<i>Holes</i> (novel) 1998 novel by Louis Sachar

Holes is a 1998 young adult novel written by Louis Sachar and first published by Farrar, Straus and Giroux. The book centers on an unlucky teenage boy named Stanley Yelnats, who is sent to Camp Green Lake, a juvenile detention center in a desert in Texas, after being falsely accused of theft. The plot explores the history of the area and how the actions of several characters in the past have affected Stanley's life in the present. These interconnecting stories touch on themes such as racism, homelessness, illiteracy, and arranged marriage.

Laurie Halse Anderson American writer

Laurie Halse Anderson is an American writer, known for children's and young adult novels. She received the Margaret A. Edwards Award from the American Library Association in 2010 for her contribution to young adult literature.

Geraldine McCaughrean British childrens novelist (b1951)

Geraldine McCaughrean is a British children's novelist. She has written more than 170 books, including Peter Pan in Scarlet (2004), the official sequel to Peter Pan commissioned by Great Ormond Street Hospital, the holder of Peter Pan's copyright. Her work has been translated into 44 languages worldwide. She has received the Carnegie Medal twice and the Michael L. Printz Award among others.

Carole Boston Weatherford is an African-American author and critic, now living in North Carolina, United States. She writes children's literature and some historical books, as well as poetry and commentaries. Weatherford is best known for her books Juneteenth Jamboree, Freedom in Congo Square, and You Can Fly: The Tuskegee Airmen. Notably, Weatherford has written literary criticisms of racist representations in children's entertainment. Today, she often writes with her son, Jeffery Boston Weatherford, who is an illustrator and poet.

<i>The True Confessions of Charlotte Doyle</i> Novel by Avi

The True Confessions of Charlotte Doyle is a historical novel by the American author Avi published in 1990. The book is marketed towards children at a reading level of grades 5–8. The book chronicles the evolution of the title character as she is pushed outside her naive existence and learns about life aboard a ship crossing from England to America in 1832. The novel was well received and won several awards, including being named as a Newbery Honor book in 1991.

Celia Rees

Celia Rees is an English author.

Joan Baehler Bauer is an American writer of young adult literature currently residing in Brooklyn. Bauer was born in River Forest, Illinois. She currently resides in Brooklyn, New York with her husband Evan Bauer. They are the parents of one daughter, Jean. Before becoming a famous author Joan spent years working for McGraw-Hill and the Chicago Tribune. She also did some work in advertising, marketing, and screenwriting.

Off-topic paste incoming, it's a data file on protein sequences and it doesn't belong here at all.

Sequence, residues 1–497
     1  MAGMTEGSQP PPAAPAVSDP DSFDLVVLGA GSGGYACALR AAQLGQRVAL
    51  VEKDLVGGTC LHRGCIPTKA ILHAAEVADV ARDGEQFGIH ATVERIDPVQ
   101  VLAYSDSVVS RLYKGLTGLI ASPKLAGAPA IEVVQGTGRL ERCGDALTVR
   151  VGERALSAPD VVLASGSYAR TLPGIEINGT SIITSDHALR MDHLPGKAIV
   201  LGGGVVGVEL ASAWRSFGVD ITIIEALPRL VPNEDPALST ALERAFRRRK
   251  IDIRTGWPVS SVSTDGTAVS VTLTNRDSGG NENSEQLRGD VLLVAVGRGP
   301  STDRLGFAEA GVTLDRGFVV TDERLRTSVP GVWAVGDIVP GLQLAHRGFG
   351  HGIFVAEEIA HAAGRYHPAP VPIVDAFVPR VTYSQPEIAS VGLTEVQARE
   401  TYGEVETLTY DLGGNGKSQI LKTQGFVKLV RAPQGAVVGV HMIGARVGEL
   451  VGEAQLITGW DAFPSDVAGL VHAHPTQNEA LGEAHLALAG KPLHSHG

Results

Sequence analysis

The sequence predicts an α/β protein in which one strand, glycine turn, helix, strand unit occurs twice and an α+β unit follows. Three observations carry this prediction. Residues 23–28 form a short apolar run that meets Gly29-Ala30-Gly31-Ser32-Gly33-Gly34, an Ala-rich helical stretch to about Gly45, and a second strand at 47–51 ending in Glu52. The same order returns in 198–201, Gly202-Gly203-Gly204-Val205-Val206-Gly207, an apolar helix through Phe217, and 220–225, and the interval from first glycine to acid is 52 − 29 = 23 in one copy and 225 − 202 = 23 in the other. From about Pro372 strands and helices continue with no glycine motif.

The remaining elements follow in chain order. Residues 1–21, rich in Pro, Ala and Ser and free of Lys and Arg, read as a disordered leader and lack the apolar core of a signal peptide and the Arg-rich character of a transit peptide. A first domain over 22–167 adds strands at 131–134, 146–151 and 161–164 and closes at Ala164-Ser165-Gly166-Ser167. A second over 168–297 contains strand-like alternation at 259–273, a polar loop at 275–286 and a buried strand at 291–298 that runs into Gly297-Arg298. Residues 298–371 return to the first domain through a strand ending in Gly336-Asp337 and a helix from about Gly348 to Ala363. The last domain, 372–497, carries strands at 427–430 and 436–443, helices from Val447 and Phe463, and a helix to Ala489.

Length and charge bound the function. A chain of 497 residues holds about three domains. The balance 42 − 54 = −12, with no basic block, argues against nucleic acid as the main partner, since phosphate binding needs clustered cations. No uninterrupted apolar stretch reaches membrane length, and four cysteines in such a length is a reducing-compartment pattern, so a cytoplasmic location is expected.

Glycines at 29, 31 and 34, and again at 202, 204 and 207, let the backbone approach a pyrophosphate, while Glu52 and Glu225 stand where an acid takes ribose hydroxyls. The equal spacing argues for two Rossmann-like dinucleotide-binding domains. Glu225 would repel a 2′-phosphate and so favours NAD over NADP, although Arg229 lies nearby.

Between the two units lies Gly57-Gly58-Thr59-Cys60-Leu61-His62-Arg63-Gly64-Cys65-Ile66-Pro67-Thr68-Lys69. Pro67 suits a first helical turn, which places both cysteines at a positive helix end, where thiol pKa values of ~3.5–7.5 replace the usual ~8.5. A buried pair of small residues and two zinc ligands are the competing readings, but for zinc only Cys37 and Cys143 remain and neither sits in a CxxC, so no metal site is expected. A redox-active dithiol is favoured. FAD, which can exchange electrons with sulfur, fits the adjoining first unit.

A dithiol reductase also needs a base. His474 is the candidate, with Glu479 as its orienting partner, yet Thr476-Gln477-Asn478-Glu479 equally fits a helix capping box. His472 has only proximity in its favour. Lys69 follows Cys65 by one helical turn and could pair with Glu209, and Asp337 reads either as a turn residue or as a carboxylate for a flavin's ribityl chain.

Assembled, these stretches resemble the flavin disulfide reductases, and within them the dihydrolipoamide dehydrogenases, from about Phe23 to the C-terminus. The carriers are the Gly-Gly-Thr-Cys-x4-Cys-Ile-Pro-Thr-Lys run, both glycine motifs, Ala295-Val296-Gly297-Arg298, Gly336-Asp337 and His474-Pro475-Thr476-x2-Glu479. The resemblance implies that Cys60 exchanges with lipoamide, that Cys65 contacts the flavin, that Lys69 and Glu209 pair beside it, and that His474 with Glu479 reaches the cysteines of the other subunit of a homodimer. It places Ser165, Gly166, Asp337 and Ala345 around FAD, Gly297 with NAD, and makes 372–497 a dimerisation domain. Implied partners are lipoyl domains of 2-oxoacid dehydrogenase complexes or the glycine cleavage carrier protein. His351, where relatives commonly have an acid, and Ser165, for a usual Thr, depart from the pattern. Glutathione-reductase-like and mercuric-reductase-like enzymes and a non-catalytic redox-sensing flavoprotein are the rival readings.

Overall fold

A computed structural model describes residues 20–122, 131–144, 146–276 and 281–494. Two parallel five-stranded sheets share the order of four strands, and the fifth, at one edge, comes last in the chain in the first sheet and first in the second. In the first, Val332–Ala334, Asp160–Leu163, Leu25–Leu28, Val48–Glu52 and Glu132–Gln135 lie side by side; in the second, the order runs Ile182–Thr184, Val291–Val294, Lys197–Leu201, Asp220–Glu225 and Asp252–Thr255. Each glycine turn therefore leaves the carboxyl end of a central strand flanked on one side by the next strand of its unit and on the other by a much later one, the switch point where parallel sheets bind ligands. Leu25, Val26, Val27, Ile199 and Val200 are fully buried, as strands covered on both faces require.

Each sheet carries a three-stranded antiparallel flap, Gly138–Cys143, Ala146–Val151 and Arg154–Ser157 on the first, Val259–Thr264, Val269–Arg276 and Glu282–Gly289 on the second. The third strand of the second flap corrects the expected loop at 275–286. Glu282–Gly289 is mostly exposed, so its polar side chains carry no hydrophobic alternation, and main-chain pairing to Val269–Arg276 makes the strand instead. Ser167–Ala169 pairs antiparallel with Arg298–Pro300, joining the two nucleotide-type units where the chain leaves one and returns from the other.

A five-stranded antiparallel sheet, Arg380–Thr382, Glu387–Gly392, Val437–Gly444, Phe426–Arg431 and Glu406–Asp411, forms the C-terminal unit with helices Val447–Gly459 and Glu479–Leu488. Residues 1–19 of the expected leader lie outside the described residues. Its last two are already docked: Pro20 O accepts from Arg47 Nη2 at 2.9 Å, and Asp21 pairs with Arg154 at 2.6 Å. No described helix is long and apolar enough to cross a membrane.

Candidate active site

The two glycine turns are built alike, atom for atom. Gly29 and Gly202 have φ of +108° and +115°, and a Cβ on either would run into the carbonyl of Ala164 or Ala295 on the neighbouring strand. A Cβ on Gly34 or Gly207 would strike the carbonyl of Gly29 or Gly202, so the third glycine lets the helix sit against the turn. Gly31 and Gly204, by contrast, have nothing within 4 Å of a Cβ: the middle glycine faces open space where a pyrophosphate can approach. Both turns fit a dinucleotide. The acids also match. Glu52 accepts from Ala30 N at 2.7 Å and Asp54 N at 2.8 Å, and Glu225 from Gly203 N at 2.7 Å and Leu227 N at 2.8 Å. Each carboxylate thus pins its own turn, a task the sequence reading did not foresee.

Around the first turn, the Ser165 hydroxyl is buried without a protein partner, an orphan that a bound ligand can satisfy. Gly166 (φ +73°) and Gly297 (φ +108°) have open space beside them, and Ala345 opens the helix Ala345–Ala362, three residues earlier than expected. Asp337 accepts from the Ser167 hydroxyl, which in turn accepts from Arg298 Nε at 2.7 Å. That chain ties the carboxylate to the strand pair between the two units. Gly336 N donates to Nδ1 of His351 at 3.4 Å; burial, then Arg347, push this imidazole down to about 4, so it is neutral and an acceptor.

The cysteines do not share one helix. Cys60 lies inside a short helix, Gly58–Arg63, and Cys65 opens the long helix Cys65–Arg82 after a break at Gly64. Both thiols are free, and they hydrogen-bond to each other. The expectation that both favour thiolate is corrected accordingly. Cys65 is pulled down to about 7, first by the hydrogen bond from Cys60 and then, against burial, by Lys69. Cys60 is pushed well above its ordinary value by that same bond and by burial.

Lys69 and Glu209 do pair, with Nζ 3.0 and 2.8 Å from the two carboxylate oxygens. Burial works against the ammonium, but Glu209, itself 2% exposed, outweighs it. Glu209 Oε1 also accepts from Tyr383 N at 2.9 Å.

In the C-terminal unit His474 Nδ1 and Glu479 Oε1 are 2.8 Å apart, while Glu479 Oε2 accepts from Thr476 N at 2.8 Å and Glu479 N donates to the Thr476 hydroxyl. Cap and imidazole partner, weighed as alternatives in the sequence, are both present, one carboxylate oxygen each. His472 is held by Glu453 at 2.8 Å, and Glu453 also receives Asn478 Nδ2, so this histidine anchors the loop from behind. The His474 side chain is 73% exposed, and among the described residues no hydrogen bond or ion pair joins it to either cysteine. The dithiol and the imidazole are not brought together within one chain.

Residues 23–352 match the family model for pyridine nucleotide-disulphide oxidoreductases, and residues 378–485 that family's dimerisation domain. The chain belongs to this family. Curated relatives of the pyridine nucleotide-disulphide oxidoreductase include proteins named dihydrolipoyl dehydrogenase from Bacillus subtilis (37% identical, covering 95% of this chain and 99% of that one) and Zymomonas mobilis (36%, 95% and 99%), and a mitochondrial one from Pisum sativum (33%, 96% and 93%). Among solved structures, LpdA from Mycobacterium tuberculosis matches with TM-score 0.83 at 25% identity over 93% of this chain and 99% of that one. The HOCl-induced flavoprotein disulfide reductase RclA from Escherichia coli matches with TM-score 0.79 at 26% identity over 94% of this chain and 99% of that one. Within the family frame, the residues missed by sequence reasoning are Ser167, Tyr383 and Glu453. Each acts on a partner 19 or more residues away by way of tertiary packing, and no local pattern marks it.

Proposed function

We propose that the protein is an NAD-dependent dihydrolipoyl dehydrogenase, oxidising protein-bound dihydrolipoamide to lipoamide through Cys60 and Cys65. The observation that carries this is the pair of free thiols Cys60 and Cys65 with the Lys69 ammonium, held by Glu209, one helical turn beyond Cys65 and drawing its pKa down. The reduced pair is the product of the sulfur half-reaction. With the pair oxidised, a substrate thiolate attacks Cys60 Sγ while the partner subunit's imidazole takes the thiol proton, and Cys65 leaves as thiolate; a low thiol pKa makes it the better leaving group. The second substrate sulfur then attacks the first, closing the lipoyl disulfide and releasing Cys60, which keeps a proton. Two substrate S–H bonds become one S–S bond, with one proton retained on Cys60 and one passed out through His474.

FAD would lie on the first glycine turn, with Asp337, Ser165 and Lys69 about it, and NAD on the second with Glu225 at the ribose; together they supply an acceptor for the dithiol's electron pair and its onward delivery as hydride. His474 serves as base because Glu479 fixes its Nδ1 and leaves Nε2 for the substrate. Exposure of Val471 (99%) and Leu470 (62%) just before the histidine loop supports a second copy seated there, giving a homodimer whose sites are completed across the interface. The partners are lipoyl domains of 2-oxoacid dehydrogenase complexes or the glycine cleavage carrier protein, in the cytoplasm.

Russell A. Freedman was an American biographer and the author of nearly 50 books for young people. He may be known best for winning the 1988 Newbery Medal with his work Lincoln: A Photobiography.

Marijane Meaker American writer (born 1927)

Marijane Meaker is an American writer who, along with Tereska Torres, is credited with launching the lesbian pulp fiction genre, the only accessible novels on that theme in the 1950’s.

Laura Joffe Numeroff is an American author and illustrator of children's books who is best known as the author of If You Give a Mouse a Cookie.

The Society of Children's Book Writers and Illustrators (SCBWI) is a nonprofit, 501(c)3 organization that acts as a network for the exchange of knowledge between writers, illustrators, editors, publishers, agents, librarians, educators, booksellers and others involved with literature for young people.

Alyssa Brugman is an Australian author of fiction for young adults. She was born in Rathmines, a suburb of Lake Macquarie, Australia and attended five public schools before completing a Marketing Degree at the University of Newcastle. She resides in the Hunter Region.

Ting-Xing Ye is a Chinese- Canadian author of young adult novels, as well as Leaf In A Bitter Wind, a best-selling autobiographical account of her life in Maoist China.

Natalie Jane Prior is an Australian writer of children's literature and young adult fiction.

Elizabeth Partridge American writer

Elizabeth Partridge is an American writer, the author of more than a dozen books from young-adult nonfiction to picture books to photography books. Her books include Marching for Freedom, as well the biographies John Lennon: All I Want Is the Truth, This Land Was Made for You and Me: The Life and Music of Woody Guthrie, and Restless Spirit: The Life and Work of Dorothea Lange. Her latest book is the middle grade novel, Dogtag Summer.

References

  1. see The Great Turkey Walk by Kathleen Karr for an example of the poultry drives in Fort Spring, West Virginia